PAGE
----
Autographs, historical documents, manuscripts and ephemera have always been an integral part of the Dominic Winter book auction experience. Not all book collecting is about first editions, but it is a constant motif as collectors try to get closer to the source of a given author's inspiration. What then could be more thrilling than having an autographed association copy or a letter or manuscript from the author themselves? This area of the market has evolved rapidly in the last twenty years as collectors seek out the unique ephemeral items that will set their collections apart. An ordinary first edition of Oscar Wilde's Salome (1893) could be bought for £1,000 at auction while a copy we offered, signed and inscribed from Wilde to the French Symbolist painter Gustave Moreau, sold for £40,000.
Highlight autograph items from recent years include letters from vaccination pioneer Edward Jenner (£17,000), mathematician and physicist James Clerk Maxwell on induced magnetization (£14,000), a C.S. Lewis letter on his series of Narnia books (£11,000), plus autograph poetry manuscripts of Red Cotton Night-Cap or Turf and Towers by Robert Browning (£12,000), The White Ship by Dante Gabriel Rossetti (£8,000), and the autograph music score of Offertorium, "O Hearken Thou", by Edward Elgar (£8,000).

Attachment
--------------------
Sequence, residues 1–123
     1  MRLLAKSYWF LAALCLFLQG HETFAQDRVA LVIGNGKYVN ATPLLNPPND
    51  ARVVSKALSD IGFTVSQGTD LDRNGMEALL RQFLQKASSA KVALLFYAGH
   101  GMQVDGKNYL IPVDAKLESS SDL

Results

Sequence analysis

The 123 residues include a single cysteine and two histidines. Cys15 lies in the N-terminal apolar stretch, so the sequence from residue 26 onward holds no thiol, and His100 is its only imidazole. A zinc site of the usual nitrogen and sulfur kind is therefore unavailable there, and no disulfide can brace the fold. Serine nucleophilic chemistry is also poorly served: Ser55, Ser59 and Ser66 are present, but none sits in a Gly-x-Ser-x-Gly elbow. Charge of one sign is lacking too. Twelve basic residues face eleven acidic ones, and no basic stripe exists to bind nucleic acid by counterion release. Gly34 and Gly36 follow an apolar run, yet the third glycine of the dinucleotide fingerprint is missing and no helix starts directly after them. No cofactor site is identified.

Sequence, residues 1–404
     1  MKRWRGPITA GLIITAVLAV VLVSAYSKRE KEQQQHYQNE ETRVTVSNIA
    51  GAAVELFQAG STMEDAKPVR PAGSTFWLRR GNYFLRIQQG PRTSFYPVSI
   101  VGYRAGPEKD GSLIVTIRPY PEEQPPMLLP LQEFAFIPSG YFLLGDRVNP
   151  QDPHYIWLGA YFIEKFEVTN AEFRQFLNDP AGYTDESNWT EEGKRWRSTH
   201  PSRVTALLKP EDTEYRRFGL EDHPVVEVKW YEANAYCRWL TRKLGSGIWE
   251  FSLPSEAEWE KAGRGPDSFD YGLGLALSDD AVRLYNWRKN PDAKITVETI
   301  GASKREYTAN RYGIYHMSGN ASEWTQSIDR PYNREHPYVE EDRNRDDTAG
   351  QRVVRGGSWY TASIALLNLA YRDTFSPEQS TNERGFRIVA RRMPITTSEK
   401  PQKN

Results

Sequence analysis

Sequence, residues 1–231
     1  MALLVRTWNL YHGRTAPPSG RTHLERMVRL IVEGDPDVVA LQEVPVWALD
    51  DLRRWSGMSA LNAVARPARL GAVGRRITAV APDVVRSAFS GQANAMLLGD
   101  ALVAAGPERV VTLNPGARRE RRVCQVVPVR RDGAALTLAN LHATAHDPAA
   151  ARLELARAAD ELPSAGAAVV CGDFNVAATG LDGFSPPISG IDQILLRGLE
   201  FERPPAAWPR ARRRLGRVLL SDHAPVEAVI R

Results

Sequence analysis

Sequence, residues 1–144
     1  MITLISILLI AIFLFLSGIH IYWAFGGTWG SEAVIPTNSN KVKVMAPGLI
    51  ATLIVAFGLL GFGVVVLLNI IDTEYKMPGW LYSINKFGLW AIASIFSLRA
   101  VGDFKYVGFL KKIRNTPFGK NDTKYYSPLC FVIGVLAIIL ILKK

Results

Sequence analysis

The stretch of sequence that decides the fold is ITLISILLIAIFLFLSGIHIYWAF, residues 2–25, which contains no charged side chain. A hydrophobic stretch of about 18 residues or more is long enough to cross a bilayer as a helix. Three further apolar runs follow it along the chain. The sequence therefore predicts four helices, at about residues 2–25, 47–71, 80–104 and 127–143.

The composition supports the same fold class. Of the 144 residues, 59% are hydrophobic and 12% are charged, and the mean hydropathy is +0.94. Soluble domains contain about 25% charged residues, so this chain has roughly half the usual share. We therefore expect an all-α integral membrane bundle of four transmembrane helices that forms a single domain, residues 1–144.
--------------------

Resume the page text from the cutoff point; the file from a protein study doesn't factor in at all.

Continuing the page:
Scrap albums and cookery receipt books of varying values are to be regularly found in our book auctions. Manuscript journals, diaries and archives of letters are frequently offered too and are always worth evaluating; the writer's status, the originality and quality of the writing, the geographical, historical and social context, are all factors that help determine the potential interest and auction value of these primary source materials. We have had great successes with journals and archives of letters recording commonplace British and Grand Tour travels and the more pioneering expeditions to little-known places, maritime and convict ship log books, and the sometimes tough accounts of the hardships of war or rural poverty.
While many historical documents are of a legal nature and of limited appeal, a monarch's signature, a royal portrait or a fine wax Royal Seal will add value and appeal. In recent times we have had a near-contemporary copy of the will of King Henry VIII, circa 1570 (£8,000) and a letter written and signed on behalf of Lorenzo de' Medici by his secretary Niccolo Michelozzi in 1476 (£5,000), as well as fine Books of Hours, Islamic and Oriental documents and manuscripts.
Of the many quirky historical artefacts we have sold three of the most memorable have been one of Napoleon's teeth (£12,500), a Madame Tussaud waxwork of Sir Winston Churchill (£19,000), and a piece of red damask fabric from the bridal bed curtain of Lord Byron (£1,900).
We also value and sell a vast array of printed ephemera in all its manifestations, most notably postcards, broadsides, programmes, greetings cards, menus and tickets. Highlights include a collection of Gillingham Football Club programmes (£10,000) and an astonishing £250,000 for 600 lots of railway tickets offered over the course of five sales.
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